Archive for April, 2011

Cobb County GA, throbbing nexus of conservatism

Sunday, April 24th, 2011

Just back from visiting the in-laws, and this is the latest from their part of the world. 16-year-old driver turning left on a green light, misjudged, his mama who was riding shotgun died.

They were going to his orthodontist appointment.

So if your heart is not already clenching in agony at this sad little story…the Cobb County Police Levitra Online charged the boy with negligent homicide.

Yep. That’s what they did. To the credit of Cobb residents, there has been pretty much an outpouring of outrage. (Although my brother-in-law said one anonymous commenter typed, “The law is the law.”)

Hug your babies, y’all. Even your big babies. Because you never know, tomorrow they might be charged with your murder.

Is this bad? It sounds bad

Tuesday, April 19th, 2011

I don’t know how upset to be by this story: “Bills would change boards that control Alabama teachers’ and employees’ retirement systems.” This particular sentence was framed starkly in a paragraph all by itself:

David Bronner, chief executive of the Retirement Systems of Alabama, works for the two boards and could be removed by them.

What? Is the reporter hinting that rumor has it they’re trying to get rid of Bronner? Are they insane?

Is this just more punishment for Paul Hubbert & the gang? Or, as “ronaldburger” says in the comments, is it true that “[t]his is an attempt to get control of the ornithine, lysine, arginine, lysine hgh dollars in the retirement systems. The legislature has tried in the past to get at this money…. Just leave it alone it is one of the few things that is still working well”?

I’ll say it’s working well. We’ve put a lot of money in there, too. Which I felt really good about, until today.  Are they just planning to turn it over to their cronies to manage so they, the cronies, can start collecting the fees?   Or are they going to find some way to raid it outright & piss it all away building “infrastructure” or something? Can somebody set me straight here?

Lying down on the job

Monday, April 18th, 2011

I haven’t been following this story with breathless interest, but I did read a piece in this morning’s paper about revamping the rules for air traffic controllers’ shifts. It seems that the air traffic controllers keep dozing off on the job. This is understandably unsettling to a nation full of flyers convinced that the  only thing standing between them and a fiery death are the shrewd, battle-hardened agents of the TSA.  So, the FAA is revising the rules about how shifts are scheduled.

But absolutely no napping! No matter what Germany and Japan may do in those countries over there, with their “studies” and their “experts”!  “On my watch, controllers will not be paid to take naps,” thunders Transportation Secretary Ray LaHood, oh and also controllers need to take “personal responsibility for the very important safety jobs they have.” Personal responsibility, that poor overworked phrase. Like the Velveteen Rabbit, it’s about been loved to death volume pills side attects.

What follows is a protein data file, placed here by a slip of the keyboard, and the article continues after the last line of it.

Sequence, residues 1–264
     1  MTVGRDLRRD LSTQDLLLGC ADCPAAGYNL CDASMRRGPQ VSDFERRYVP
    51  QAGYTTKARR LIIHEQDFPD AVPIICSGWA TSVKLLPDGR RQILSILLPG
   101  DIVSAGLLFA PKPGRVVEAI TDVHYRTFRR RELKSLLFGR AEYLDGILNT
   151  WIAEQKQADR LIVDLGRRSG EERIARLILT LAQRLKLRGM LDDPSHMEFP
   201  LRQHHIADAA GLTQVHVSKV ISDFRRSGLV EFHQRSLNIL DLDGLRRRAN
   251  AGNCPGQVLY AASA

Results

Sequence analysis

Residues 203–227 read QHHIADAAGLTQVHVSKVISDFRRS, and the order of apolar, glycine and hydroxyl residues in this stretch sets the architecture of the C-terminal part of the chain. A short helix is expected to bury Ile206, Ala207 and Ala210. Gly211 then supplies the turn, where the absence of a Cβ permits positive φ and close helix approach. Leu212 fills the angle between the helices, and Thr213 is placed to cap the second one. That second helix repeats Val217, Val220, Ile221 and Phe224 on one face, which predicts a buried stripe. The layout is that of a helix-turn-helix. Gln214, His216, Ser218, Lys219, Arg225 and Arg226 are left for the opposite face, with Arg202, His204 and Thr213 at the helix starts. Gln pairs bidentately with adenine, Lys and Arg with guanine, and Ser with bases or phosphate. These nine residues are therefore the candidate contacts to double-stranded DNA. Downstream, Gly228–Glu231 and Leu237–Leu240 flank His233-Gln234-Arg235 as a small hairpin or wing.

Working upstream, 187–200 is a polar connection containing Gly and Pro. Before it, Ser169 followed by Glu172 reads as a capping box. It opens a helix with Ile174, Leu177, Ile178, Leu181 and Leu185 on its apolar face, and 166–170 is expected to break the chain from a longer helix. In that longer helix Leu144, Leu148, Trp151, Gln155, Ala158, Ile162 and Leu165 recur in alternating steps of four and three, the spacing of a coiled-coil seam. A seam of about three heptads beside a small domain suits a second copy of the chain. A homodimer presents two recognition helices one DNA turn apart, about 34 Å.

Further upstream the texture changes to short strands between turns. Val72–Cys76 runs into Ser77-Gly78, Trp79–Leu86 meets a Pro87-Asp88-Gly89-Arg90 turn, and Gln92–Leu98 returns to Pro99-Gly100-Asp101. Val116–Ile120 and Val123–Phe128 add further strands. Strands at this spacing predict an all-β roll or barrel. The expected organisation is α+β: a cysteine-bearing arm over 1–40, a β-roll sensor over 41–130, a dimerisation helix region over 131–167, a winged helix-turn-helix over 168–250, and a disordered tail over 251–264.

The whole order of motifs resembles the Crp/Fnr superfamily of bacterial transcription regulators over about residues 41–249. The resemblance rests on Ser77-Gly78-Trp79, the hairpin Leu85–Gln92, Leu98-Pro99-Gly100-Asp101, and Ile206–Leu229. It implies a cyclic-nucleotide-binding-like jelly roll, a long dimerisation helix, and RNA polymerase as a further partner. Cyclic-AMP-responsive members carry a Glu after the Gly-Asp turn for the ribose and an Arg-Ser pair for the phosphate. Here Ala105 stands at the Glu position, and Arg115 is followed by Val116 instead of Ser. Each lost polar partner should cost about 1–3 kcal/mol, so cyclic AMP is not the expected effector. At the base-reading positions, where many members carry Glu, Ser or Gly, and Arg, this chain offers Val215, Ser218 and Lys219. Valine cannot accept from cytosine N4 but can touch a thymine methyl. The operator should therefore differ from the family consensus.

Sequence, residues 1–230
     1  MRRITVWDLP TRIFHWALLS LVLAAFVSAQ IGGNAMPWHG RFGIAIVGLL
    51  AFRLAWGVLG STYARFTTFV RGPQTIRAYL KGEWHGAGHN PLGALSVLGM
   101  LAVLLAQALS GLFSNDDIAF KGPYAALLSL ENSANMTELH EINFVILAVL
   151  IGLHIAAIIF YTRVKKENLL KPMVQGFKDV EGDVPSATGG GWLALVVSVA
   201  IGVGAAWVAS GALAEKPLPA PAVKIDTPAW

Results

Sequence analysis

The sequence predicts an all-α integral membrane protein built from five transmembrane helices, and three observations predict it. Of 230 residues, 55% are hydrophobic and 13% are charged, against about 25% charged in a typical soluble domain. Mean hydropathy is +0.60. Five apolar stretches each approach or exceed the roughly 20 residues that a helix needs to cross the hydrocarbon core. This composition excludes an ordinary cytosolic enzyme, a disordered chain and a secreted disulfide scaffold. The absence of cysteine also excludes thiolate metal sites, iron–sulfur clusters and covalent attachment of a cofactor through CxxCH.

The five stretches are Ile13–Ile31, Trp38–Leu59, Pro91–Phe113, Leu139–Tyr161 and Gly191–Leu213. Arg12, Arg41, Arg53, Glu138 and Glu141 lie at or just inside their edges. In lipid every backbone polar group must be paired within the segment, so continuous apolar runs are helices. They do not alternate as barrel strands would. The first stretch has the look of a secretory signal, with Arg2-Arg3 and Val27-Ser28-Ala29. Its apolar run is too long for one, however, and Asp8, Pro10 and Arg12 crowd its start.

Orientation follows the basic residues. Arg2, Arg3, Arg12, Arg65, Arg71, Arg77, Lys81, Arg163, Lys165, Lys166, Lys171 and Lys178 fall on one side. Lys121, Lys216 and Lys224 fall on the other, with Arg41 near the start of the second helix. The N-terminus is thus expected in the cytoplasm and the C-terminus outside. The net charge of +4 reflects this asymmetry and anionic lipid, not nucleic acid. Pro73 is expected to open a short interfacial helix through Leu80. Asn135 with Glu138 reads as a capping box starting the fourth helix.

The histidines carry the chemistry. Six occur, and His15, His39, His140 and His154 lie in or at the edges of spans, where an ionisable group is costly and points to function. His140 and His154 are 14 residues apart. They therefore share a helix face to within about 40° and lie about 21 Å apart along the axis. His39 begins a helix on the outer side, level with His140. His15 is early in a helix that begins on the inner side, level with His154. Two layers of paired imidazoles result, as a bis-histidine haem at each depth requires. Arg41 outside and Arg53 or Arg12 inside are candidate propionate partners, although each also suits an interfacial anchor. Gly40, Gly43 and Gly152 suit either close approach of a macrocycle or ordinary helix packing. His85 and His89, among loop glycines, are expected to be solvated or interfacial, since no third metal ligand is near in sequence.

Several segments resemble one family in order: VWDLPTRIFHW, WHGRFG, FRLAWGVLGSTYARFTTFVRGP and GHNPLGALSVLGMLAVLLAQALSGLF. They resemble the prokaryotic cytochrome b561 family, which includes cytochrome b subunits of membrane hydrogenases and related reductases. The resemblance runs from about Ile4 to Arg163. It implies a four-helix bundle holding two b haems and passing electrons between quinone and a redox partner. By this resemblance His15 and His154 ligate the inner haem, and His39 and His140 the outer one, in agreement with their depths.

Anyway, here’s the thing. My husband is responsible for training medical residents, and in the past few years, they have been forced to implement—with reams of paperwork to back it all up— increasingly lenient regulations governing how much sleep the residents get. The latest thing is something called, get this, “strategic napping.” Because it’s important for the doctors to be alert and well-rested when they  make decisions that could, like, kill somebody.

You’d think the same reasoning would apply to air traffic controllers. But no. In fact, “more managers will be on duty during the early morning hours and at night to remind controllers that nodding off is unacceptable.” I am reminded of the tithing men in Puritan churches, wandering the aisles with a pole ready to rap snoozing worshippers on the head.

I’m sure this will not result in the misuse of stimulants or drugs like Provigil. Oh, no. That could never happen.

Technology marches on

Tuesday, April 5th, 2011

I am in the process of switching banks, which after eighteen years is quite the uphill climb – seems that checking account has its autopay tentacles into every aspect of our lives. Anyway, our new bank offers an internet service called deposit@home, by which I can use my home  scanner to scan checks for deposit. (If I had a smart phone, I could use that.) So yesterday I did this for the first time. It was pretty time-consuming — our scanner is a dinosaur — but impressive all the same.  I didn’t even have to open the scanner software. The applet detected  my scanner, and pictures of the checks I was depositing appeared on the computer screen. I boxed them in with a crosshatch thing and hit Submit, and the software congratulated me, credited the funds immediately, and told me I should now void the checks and dispose of them.  (Haven’t been able to bring myself to do that just yet. Way too weird.)

This is what really fascinated me: here we have technology contorting itself into knots to accommodate bits of paper that, and please correct me if I’m wrong, are virtually  unchanged from 1911, or 1811 if it comes to that.  “Pay to the Order of… “ conjures musty British visions of some younger son forging his pater’s name and being sent down from Oxford, or, you know, those stuffy guys in Mary Poppins who sing that clever song with all the adverbs, about investing tuppence.

Two of the checks were handwritten ones from friends, reimbursing us for expenses associated with Mardi Gras, which adds to the wonderfulness. One was a $5 rebate from one of those newfangled squirting floor mops – the cost of processing this rebate has almost certainly exceeded $5, which also adds to the wonderfulness.

All hail the 21st century!